Peter trying to be well mannered.
but this inevitably happens...
A very well mannered boy from Kate’s school approached me today while picking up Peter from CCD. No it wasn’t Peter. Peter could use some polish, but I still love him nonetheless. This boy came up to me and said in his most proper English accent that he has been very pleased with my blog. When a sixth grader tells you something you have done is “lovely”, it is hard not to blush. What makes me smile is that this sixth grader probably has never been to England before. Apparently, he has continued this accent for three days now. At this point he puts Daniel Radcliff to shame with a more polished English than the great actor himself. I wonder if it has occurred to him that girls love English accents. I remember my coach Ian who possesses a real English accent, could make anything sound pleasant. Perhaps that is how he got me to pull my hardest 2000 meter pieces by simply saying please. When asking for a wrench while adjusting the rigging on my boat, he would use the word spanner. It made the adjustable piece of metal sound like poetic prose. Few Americans have this eloquence. Perhaps John Wayne could say the word wrench and it would have a better effect. American English is an unfortunate thing. I spent 4 years in the Bronx and growing up in New York has virtually reduced my potential of being eloquent to nil. The drawback to our melting pot of a country is that we took the worst accents from every language and made it our own. Just think of accents hailing from Boston, Brooklyn, Alabama and Minnesota...just painful. Patrick Stewart, we are not. So it really comes down to good manners. Unbeknownst to my sixth grade friend, he could lose the English accent and get by just fine with his boyish charm. He has been taught well by parents who by the way have outstanding manners. If we can get it through to our kids (and ourselves) to drop the “um’s” and look someone strait in the eye when being spoken to, that would be a good start. So whether you say potato (long A) or potato (short A), there is still some hope. Robert Fulghum helped us understand that kindergarten taught us everything we’ll ever need to know. Some important manners are included here. Unfortunately for many, we spend the rest of our lives, unlearning them. If you "look" , we can change this. Here is what he wrote.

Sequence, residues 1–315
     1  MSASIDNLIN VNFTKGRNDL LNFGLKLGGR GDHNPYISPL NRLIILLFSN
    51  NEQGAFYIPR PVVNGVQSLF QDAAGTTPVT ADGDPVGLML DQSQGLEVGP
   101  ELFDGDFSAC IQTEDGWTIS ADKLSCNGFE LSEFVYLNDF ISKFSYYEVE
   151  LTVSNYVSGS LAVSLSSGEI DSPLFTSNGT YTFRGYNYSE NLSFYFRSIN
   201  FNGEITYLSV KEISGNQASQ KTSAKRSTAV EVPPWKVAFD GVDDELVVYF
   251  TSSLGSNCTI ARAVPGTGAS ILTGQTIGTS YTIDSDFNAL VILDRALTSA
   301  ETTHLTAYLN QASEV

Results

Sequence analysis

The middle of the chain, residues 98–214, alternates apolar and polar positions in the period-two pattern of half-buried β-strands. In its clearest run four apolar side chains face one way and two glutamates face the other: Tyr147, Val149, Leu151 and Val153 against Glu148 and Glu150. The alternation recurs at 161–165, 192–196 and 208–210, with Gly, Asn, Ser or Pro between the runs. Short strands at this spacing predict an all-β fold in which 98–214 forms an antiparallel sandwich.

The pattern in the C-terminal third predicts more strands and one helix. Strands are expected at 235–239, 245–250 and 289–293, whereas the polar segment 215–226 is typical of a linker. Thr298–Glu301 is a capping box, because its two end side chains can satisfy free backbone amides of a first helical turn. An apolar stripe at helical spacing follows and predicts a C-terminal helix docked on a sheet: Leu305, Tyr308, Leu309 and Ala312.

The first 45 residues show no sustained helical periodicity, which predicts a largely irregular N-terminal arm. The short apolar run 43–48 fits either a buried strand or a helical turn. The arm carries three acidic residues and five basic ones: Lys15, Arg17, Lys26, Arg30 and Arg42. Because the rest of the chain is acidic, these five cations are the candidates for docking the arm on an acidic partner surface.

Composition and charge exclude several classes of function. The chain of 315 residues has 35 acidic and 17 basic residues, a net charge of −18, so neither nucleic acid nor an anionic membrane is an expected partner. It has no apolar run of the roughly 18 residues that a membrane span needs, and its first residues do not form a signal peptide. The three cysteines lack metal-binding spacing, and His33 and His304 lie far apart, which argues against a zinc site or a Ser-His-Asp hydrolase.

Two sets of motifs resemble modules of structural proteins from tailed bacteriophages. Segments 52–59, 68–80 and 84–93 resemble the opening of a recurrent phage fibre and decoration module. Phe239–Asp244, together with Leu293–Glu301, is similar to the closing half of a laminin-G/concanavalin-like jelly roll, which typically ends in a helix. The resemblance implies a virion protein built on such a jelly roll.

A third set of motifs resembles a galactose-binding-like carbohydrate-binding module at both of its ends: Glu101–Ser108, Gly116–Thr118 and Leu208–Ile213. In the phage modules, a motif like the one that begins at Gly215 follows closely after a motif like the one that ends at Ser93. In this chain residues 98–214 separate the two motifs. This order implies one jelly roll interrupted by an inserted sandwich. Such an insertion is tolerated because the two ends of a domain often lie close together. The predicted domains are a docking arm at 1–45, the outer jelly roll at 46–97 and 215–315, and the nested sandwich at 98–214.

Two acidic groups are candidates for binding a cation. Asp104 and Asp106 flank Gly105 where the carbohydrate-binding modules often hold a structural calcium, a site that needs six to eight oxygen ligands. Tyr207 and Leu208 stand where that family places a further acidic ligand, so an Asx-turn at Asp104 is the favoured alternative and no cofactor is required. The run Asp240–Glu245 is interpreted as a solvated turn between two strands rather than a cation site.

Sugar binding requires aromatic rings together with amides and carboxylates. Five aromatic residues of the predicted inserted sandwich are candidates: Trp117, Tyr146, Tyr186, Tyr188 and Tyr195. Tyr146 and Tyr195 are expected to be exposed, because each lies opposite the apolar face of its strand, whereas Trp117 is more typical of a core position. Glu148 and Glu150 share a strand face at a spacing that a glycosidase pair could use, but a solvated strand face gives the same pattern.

These are the things I learned:
• Share everything.
• Play fair.
• Don't hit people.
• Put things back where you found them.
• Clean up your own mess.
• Don't take things that aren't yours.
• Say you're sorry when you hurt somebody.
• Wash your hands before you eat.
• Warm cookies and cold milk are good for you.
• Live a balanced life - learn some and think some and draw and paint and sing and dance and play and work every day some.
• Take a nap every afternoon.
• When you go out in the world, watch out for traffic, hold hands and stick together.
• Be aware of wonder. Remember the little seed in the Styrofoam cup: the roots go down and the plant goes up and nobody really knows how or why, but we are all like that.
• Goldfish and hamsters and white mice and even the little seed in the Styrofoam cup - they all die. So do we.
And then remember the Dick-and-Jane books and the first word you learned - the biggest word of all - LOOK.